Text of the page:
“OK, Jack. Check your work. Compare each of your letters with mine. How does it look?”

“Dthay Ay Dthee Tay – Dack. But yours looks better, dad.”

“OK, son. Try again!”

I did. Each time it looked better. After the fourth time, I said, “end of page one.”

“That is great, boy. Each time looks better, doesn’t it?”

“Yessir!”

“So, what do you know that you did not know an hour ago?”

“I will never be a great cartoonist, dad. I will never draw buildboard pictures. But I will become good at using the alphabet to say my name if I have a pencil to say it with.”

“Good, son. You will use the alphabet to say your name if you have a pencil with which to say it.”

“Jack, you will be writing for the rest of your life. You will write many things. You are a smart boy. You will write things correctly. You will write important things. But, you just wrote the most important thing you will ever write – your name. That is called your signature. That is how you identify what you write. That is how you show that what is written above your name was written by you. Writing is the most important form of communication from your brain to the brains of other people. Tomorrow we will work on your last name. You can do it, Jack. You have the knack.”

“Maybe I will become CanDo Jack, dad.”

“Or maybe CanDo Knack, Jack. Or CanDo Jack Knack. You can become as many entities as you want. And claim a signature for each. When people see you, perhaps they will say, “There go CanDo Jack, CanDo Knack. Those guys!”

I did not understand all that I grasped in that lesson. But, I was immensely pleased that I had communicated for the first time my four letter word name with my second method, the pencil.

“Thanks, dad.”

Over the years I became enthralled with the input and output of language. And being able to communicate what could be read in the few moments, and perhaps recorded for all history.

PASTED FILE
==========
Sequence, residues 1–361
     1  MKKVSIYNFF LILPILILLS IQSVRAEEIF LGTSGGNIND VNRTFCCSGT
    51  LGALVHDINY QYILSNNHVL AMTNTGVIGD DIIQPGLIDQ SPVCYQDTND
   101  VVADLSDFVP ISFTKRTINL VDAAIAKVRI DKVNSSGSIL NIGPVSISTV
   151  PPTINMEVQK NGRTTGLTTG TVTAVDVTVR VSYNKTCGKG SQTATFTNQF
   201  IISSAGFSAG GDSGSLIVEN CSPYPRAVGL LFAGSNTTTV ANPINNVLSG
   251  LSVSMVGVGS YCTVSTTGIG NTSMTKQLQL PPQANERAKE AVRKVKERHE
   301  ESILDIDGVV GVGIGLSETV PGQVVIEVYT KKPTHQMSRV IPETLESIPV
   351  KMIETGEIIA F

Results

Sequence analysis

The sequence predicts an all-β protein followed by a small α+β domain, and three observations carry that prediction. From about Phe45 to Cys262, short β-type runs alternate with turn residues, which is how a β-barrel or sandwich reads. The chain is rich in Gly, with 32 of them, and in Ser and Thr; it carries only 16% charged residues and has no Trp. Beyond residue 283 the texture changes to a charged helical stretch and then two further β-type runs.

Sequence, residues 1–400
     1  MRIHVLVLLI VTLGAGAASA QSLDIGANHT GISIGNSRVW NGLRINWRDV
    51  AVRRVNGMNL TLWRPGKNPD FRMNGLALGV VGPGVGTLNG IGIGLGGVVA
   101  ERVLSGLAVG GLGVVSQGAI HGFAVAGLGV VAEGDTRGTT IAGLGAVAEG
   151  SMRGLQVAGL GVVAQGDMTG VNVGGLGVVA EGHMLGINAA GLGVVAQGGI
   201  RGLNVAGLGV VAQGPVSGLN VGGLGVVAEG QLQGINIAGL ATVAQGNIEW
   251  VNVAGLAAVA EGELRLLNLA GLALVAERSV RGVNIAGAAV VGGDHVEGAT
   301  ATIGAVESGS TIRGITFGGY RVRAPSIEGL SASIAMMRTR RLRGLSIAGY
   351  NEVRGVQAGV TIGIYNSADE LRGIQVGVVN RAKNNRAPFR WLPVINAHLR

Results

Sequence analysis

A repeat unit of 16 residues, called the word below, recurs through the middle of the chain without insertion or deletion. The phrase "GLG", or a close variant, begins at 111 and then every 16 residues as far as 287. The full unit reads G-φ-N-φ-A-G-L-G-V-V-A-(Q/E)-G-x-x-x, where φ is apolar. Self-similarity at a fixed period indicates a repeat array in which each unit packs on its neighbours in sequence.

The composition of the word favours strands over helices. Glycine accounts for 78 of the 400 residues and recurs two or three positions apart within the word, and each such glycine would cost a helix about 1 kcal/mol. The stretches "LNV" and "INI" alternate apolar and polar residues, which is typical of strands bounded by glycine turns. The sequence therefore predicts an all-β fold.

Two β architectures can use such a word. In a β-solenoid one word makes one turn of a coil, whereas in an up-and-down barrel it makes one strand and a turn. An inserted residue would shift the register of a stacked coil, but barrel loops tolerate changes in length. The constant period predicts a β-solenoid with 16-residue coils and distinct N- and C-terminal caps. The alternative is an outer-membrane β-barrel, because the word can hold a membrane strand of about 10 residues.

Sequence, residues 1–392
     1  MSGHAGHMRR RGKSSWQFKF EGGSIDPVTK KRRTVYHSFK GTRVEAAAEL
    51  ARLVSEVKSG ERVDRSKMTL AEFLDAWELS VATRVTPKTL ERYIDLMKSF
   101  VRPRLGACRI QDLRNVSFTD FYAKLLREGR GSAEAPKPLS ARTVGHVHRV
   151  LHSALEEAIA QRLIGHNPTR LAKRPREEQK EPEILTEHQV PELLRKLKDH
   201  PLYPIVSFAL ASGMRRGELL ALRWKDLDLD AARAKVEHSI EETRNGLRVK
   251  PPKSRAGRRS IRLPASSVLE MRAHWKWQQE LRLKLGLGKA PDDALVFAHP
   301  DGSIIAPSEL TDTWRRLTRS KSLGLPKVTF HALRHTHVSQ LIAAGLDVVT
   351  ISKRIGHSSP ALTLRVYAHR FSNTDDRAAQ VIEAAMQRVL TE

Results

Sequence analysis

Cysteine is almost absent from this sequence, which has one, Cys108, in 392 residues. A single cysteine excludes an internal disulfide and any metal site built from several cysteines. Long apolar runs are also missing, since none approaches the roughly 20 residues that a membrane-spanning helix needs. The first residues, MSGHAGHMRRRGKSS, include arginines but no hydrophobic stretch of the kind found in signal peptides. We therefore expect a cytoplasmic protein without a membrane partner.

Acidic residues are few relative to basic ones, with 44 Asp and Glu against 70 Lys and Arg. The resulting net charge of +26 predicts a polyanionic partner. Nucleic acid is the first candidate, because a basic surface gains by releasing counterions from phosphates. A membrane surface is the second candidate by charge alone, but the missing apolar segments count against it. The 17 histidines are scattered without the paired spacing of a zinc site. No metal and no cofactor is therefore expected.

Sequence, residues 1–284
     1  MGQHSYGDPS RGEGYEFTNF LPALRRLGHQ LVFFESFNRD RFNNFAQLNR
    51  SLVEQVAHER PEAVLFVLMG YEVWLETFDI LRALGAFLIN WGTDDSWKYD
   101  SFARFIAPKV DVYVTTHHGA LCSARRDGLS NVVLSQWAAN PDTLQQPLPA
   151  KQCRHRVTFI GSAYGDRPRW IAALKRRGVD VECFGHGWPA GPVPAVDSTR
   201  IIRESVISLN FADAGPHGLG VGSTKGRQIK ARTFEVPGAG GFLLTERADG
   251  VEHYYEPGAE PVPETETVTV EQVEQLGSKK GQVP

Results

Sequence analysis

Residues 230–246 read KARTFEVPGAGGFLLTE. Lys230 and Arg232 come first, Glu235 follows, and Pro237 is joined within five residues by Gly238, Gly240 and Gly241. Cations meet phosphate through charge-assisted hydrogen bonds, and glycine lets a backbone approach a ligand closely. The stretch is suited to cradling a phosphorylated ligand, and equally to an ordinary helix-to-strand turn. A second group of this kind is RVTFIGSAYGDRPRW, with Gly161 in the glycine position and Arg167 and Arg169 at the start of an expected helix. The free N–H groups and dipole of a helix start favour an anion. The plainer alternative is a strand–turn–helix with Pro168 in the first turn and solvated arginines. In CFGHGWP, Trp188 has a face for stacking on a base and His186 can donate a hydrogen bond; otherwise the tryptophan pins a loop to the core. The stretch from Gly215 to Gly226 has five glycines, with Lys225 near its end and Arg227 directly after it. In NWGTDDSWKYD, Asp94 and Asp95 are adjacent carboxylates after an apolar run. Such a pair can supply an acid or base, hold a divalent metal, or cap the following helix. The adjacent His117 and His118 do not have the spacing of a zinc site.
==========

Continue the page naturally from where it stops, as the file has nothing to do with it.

My favorite book was the Mac and Muff primer. My favorite sentences were those first motion statements and questions. “See Mac run? Here comes Muff. Jack feeds the pony. Jack feeds Mac and Muff. Jack is Mac.” Jack could read the text in the primer. Jack could copy the text with his pencil in his Big Chief tablet. Jack can add actions to what he copies from the book. Jack can write his own stories. Jack can make a primer using folded sheets from his Big Chief tablet. See Jack write. Watch the characters move. See Jack publish. See Jack read his story to his dad!

Ten years later, my blind father taught me how to drive a car. Same method. Demonstration. He explained what he was going to do. Then, he backed the car out of the drive with me in the passenger seat telling him precisely when to turn, when he needed to be more to right or left. When he needed to stop. When another car was anywhere around. He drove the car up to the corner, turned around, drove back and parked the car in the drive exactly where it had been when we started.

“Now, you try it, Jack.”

“Yessir.”

See Jack drive!